After their successful 2013 debut Fly High, Infinite H aims for the stratosphere once more with their mini-album Fly Again. The hip-hop sub-unit brought in more heavy hitters for their sophomore effort, sticking to the slick, smooth style that made them popular last time. With only seven songs, Fly Again reaches another level of excellence, which is expected from such a talented duo.
The intro, “Fly Again,” employs the skills of DJ IT for a trap and dubstep-laced club bopper. This intro definitely gets the party started, even if it’s not the freshest style out there. It may be a bit too intense as an intro, though, since the following track is “Pretty.”
“Pretty” is an upbeat love song about the feelings Hoya and Dongwoo experience when they see this woman who is just so pretty that they can’t seem to function properly when she’s around. They suffer from a deep crush that has them ignoring their ideal type because this new woman exceeds her in looks. While some may cry foul at the superficiality of this kind of song, let’s not pretend that physical appearance plays no role in attraction whatsoever. It’s a cute song about a crush, so where is the crime in admitting you find someone to be ridiculously hot?
Next on the track list is “Go Nowhere,” featuring vocalist Yang Da-il. The influence of ’80s pop is evident here with record scratches and synthesizers building up the background for a bright, throwback sound. It has an energetic beat that continues the fun from the last song. The lyrics are geared towards their love interests, who apparently have been showing jealousy because the guys of Infinite H are popular with other girls. Hoya and Dongwoo promise their lovers that they won’t stray because they’re too infatuated with them to consider cheating.
The next song, called “Bump,” features Ryu Soo-jung of Lovelyz and switches up the mood. It possesses a very breezy, chill vibe with an R&B rhythm. Contrary to the sexy sound, the lyrics speak of the serious conflict Hoya and Dongwoo experienced in their teens as they pursued their dreams to be idols. Hoya raps about how hip-hop essentially awakened him to another world and inspired him in all aspects of life. On the other hand, Dongwoo had his own hardships with the constant pressure to succeed in school despite his passion for dance and rap. Soo-jung’s silky vocals add a light, airy feel in the chorus as she echoes the somber sentiments of Infinite H:
Living day by day, why is it so hard?
I don’t know
That’s life, no matter how hard it is
Just bump against it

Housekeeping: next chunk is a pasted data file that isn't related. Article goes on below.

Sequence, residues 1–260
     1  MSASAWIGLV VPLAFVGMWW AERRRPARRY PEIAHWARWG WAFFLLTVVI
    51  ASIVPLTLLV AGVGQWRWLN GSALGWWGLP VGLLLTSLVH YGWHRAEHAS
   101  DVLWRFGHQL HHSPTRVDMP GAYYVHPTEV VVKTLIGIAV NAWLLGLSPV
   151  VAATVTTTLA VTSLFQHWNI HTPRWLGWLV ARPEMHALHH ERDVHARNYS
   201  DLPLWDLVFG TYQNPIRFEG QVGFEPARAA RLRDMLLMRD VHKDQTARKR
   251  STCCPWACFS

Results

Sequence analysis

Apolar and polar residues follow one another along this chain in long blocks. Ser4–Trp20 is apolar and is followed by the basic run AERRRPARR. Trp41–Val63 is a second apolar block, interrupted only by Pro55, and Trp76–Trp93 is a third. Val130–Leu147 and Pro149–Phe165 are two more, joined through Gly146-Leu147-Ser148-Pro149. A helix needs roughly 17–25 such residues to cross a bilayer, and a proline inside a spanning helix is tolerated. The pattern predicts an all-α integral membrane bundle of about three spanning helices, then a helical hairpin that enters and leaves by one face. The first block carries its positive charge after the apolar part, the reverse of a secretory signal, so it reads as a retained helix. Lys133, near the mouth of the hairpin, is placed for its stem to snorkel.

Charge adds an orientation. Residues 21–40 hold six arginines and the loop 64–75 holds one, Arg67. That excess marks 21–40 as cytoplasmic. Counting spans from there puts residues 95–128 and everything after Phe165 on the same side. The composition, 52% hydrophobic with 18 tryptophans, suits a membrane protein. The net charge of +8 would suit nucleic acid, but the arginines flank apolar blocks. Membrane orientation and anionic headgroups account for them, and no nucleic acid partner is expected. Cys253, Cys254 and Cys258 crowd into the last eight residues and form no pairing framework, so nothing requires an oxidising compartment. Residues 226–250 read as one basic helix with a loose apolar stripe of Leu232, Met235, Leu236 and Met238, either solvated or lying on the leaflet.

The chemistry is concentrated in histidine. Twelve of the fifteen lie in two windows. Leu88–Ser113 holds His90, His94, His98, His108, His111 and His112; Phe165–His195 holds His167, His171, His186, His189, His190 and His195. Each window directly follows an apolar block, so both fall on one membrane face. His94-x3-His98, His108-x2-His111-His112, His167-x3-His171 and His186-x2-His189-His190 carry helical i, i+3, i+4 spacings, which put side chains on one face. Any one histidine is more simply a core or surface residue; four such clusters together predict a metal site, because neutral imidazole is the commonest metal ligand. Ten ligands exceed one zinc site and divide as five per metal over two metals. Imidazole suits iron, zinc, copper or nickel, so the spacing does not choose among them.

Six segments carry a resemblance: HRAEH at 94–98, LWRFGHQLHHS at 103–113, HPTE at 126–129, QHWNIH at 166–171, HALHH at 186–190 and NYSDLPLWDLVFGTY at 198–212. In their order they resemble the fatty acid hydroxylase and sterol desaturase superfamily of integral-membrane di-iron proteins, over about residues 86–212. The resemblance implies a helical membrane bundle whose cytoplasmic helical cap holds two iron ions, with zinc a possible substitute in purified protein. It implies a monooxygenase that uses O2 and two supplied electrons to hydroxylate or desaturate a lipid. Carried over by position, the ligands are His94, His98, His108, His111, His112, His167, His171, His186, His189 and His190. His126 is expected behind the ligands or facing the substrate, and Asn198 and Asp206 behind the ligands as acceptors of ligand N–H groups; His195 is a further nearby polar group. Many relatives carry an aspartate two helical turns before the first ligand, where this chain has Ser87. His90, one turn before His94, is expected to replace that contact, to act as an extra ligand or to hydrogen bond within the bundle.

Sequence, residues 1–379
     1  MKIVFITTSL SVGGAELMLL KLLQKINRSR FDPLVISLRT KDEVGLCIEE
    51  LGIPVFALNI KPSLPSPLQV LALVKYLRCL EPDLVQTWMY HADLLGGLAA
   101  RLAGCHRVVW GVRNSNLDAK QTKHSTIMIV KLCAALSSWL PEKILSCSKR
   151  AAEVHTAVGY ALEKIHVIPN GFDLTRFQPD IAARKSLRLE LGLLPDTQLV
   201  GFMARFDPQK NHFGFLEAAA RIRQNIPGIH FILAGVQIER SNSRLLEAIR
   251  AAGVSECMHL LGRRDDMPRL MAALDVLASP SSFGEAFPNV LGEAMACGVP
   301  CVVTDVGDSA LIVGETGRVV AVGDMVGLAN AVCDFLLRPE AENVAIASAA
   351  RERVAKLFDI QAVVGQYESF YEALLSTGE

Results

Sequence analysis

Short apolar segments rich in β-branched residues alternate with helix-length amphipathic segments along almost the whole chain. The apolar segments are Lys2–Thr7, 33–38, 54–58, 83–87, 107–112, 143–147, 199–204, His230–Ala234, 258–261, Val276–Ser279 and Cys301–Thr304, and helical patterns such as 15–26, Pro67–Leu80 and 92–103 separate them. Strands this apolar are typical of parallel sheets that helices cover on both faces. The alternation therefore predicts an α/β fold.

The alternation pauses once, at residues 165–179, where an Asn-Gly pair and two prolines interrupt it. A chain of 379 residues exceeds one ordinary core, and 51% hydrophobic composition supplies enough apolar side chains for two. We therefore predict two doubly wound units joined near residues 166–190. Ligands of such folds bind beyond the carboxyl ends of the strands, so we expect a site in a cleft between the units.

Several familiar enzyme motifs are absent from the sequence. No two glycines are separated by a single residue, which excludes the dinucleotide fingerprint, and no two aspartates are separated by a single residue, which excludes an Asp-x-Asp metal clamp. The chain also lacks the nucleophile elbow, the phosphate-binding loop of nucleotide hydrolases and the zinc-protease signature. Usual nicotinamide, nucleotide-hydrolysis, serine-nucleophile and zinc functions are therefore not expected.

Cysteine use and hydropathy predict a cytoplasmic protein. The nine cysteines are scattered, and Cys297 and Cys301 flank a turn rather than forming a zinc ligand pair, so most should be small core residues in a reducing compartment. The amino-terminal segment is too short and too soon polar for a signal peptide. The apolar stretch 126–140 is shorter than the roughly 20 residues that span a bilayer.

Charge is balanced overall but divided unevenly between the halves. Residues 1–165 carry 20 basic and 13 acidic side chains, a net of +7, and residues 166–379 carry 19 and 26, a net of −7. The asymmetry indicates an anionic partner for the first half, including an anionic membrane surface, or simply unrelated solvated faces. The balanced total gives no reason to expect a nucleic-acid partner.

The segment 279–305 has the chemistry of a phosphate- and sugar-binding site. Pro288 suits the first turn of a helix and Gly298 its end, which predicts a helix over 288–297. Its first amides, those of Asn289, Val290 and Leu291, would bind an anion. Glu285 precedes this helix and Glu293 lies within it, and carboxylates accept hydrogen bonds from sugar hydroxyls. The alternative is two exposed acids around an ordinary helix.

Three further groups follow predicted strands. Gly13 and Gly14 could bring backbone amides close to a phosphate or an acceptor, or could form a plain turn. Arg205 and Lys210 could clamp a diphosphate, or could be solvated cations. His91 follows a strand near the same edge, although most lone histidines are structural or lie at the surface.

We leave the pity party for the after party in “Sorry I’m Busy,” featuring Swings and Champagne. This is definitely something you should blast in surround sound if you enjoy bumping trap beats. For a cypher, it is fairly good. All the rappers manage to keep up with each other, spitting the occasional disses towards their haters. The main message here? “Sorry, we’re too busy making headlines with our music to be caught up in your drama.” They can’t be bothered with trifling issues when they’re busy taking over the hip-hop scene. It’s not an exact quote, but that is the basic gist of their lyrics.
Of course, no album would be complete with at least one track devoted to post-breakup feelings. That is where “Jekyll & Hyde,” featuring Taewan, comes into play. Taewan doesn’t have the same impact that other featuring artists did with his part in the chorus, but he performs well enough for the song. The jazzy vibe takes notes from the New Jack Swing era of the ’90s in some places, which works really nicely for this track. As for the lyrics, the song boils down to going crazy over a recent breakup that has Infinite H switching personalities as a coping mechanism. It’s nothing too fancy, but it’s a decent breakup song if you’re in that drinking-wine-alone-in-the-bathtub mood.
Now, about this last song called “You Must Be Crazy” with Sanchez of Phantom — things get real here. The breakup apparently happened because their lovers were caught cheating. Who would ever cheat on Infinite H?! The title makes sense to me, but others are allowed to think differently. The trap beat is mid-tempo, aiding in the inner conflict our duo feels as they come to grips with the reality of a bad girlfriend. Hoya expresses his disgust at her actions in his verses:
Don’t misunderstand, you’re not a bad girl
You’re a dirty girl
Give those habits to a dog in a doghouse
That’s a small sample, but I highly recommend looking up the full lyrics because it’s really clever wordplay with puns. Hard to see that in English, but if you read the Hangul it is poetic justice.
It’s too early to say if Fly Again will top any lists for Best Mini-Album, but for a sophomore production, they did well. My main criticism would be that it plays things a little too safe since some beats felt repetitive throughout the album. I did appreciate “Not Going Anywhere” and “Jekyll & Hyde” for reviving that old school sound, though. What probably stood out the best were the lyrics, which continues to be the strength of Infinite H as a duo. Not sure anyone would disagree with their songwriting abilities, but again, everyone is allowed to differ in opinion. Overall, this album did not disappoint and was well-produced.
Album rating: 4/5
How did you feel about Fly Again? Did you have any favorite songs? Comment down below!